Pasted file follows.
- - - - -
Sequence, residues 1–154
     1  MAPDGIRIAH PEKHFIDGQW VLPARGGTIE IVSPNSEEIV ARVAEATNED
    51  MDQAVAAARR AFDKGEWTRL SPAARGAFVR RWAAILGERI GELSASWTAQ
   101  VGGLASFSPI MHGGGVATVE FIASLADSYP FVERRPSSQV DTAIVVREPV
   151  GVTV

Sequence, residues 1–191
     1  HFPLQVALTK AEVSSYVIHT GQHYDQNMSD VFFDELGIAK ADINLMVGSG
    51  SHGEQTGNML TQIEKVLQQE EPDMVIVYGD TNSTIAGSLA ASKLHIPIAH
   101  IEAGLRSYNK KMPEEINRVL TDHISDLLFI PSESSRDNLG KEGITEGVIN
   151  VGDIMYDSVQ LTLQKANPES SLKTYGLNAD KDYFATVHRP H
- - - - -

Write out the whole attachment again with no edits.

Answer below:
Sequence, residues 1–154
     1  MAPDGIRIAH PEKHFIDGQW VLPARGGTIE IVSPNSEEIV ARVAEATNED
    51  MDQAVAAARR AFDKGEWTRL SPAARGAFVR RWAAILGERI GELSASWTAQ
   101  VGGLASFSPI MHGGGVATVE FIASLADSYP FVERRPSSQV DTAIVVREPV
   151  GVTV

Sequence, residues 1–191
     1  HFPLQVALTK AEVSSYVIHT GQHYDQNMSD VFFDELGIAK ADINLMVGSG
    51  SHGEQTGNML TQIEKVLQQE EPDMVIVYGD TNSTIAGSLA ASKLHIPIAH
   101  IEAGLRSYNK KMPEEINRVL TDHISDLLFI PSESSRDNLG KEGITEGVIN
   151  VGDIMYDSVQ LTLQKANPES SLKTYGLNAD KDYFATVHRP H